Crested Eve’s Needle
Austrocylindropuntia subulata f. cristata
oss-troh-sil-in-droh-PUN-tee-uh sub-yoo-LAH-tuh kris-TAY-tuh
Austrocylindropuntia subulata (Muehlenpf.) Backeb. is the correct and accepted name for this species of cactus. It was described as such by Curt Backeberg in Cactaceae in 1939*. It was first named Pereskia subulata by Philipp August Friedrich Muehlenpfordt and described in Allgemeine Gartenzeitung in 1845. Then the name was changed to Opuntia subulata by Georg (George) Engelmann and described in Gardener’s Chronicle in 1883.
*Some databases say 1941. Tropicos says the description was published in Die Cactaceae: Handbuch der Kakteenkunde in 1942.
The correct scientific name for this form is Austrocylindropuntia subulata f. cristata hort.
I bought my Crested Eve’s Needle on 8-25-12 at Lowe’s in Greenville, Mississippi. I liked the way it was growing in kind of a circular shape and has the small leaves on top. The label said it was an Opuntia subulata cristata even though that name changed in 1942…
Austrocylindropuntia subulata is native to the high elevations of Ecuador and Peru in South America. They are a large tree-like species that can grow up to 13 feet tall and have round cylindrical joints that can grow up to 2’ tall and 2 1/2 inches thick. Austrocylindropuntia subulata f. cristata is a form that is a nursery created cultivar but can also occur in nature. Some information suggests the cristate forms can occur due to an injury to the plant at a young age such when insects eat the growing tip. This causes the cells at the tip of the branch to multiply at a much faster rate which creates the cristate form.
The photo above and below were taken at the mansion in Mississippi during our first winter together. The leaves have been drying up because it is the plants dormant period.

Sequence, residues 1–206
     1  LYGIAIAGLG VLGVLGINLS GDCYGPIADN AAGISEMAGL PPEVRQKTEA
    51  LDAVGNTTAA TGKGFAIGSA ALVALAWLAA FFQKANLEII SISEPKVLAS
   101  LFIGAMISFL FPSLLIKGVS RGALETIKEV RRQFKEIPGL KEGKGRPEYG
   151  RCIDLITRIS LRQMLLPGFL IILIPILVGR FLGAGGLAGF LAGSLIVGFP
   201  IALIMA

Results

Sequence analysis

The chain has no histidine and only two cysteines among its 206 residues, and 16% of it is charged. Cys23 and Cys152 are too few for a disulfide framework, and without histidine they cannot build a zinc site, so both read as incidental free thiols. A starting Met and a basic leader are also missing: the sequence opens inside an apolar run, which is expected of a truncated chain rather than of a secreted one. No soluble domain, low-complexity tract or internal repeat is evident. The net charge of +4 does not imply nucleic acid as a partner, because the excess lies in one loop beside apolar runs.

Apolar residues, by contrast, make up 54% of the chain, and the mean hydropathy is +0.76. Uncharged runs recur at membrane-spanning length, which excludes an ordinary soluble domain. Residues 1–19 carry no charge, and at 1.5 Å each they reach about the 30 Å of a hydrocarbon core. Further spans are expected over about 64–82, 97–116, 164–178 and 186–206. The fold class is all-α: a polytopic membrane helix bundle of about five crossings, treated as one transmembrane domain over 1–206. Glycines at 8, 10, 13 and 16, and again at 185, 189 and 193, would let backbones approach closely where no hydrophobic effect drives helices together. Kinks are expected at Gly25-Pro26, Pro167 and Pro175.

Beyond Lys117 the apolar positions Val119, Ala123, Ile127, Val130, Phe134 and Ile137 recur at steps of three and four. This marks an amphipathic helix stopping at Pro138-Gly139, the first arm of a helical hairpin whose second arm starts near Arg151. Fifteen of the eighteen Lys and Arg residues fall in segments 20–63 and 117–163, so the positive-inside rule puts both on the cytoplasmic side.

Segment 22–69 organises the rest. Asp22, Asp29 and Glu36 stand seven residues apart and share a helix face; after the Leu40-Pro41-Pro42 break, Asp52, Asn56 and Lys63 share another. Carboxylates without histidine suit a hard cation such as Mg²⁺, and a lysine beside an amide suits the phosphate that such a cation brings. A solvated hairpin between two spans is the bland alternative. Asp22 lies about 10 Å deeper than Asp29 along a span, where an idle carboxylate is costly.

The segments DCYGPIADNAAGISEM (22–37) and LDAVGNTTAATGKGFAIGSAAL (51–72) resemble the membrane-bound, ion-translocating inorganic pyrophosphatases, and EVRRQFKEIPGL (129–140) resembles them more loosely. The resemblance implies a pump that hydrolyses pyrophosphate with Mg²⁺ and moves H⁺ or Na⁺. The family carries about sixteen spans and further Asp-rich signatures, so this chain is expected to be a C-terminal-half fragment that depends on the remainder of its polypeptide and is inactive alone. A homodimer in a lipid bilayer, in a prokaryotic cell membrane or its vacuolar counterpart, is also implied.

Other than their appearance, their cultural requirements are very similar to the “normal” Austrocylindropuntia subulata. The species as a whole are a semi-hardy cactus that does NOT like temps below 25° F (-4°C). They prefer their night temperatures not to fall below 40° although the species can tolerate some light frost. Personally, I would not recommend the cristate or monstrose forms to be outside under 40. I grow mine in pots so I can easily move them inside. Even though some cactus can survive a frost, some species may scar from it. Well, I guess I am kind of paranoid when it comes to cold weather since I have never lived anywhere it doesn’t frost or freeze.
I bought this plant with me when I moved back to the family farm in mid-Missouri in February 2013. I put most of the plants in the basement for the remainder of the winter. You would be surprised, as I was, at how well they did in a cool, poorly lit environment.
They are summer growers and need regular watering during that time but the soil should dry between watering. Do not water during the winter unless you notice the plant beginning to shrivel, then only water a little
Since these plants have developed differently than the species, they may be better suited in light to part shade rather than full sun.
Common Name: Crested Eve’s Needle
Origin: The cristata form is a nursery produced cultivar, but the species is a native of Ecuador and Peru in South America
Zones: 9a to 10b: from 20 °F (−6.7 °C) to 40 °F (+4.4 °C).
Height: 12-20” (one website said 4’ tall x 10’ wide!)
Light: Full sun to part shade
Water: Provide regular water during the summer months and very little during the winter.
Soil: Fast-draining soil mix with additional gravel or grit.
Repotting: Some information says they like to be “underpotted” while another says to provide adequate space for their large root system… Seriously, a cactus with a large root system?
I really enjoyed this plant and never had a lick of problems with it. It was always happy and went in and out of dormancy as normal. BUT, unfortunately, during the 2013-2014 winter, it started to rot and eventually died. I haven’t found a replacement yet…
I hope you enjoyed this page and maybe found it useful. If you have any comments, questions or suggestions, I would like to hear from you. Please click on “like” if you visited this page. It helps us bloggers stay motivated. 🙂 You can check out the links below for further reading. The links take you directly to the genus and species of this plant.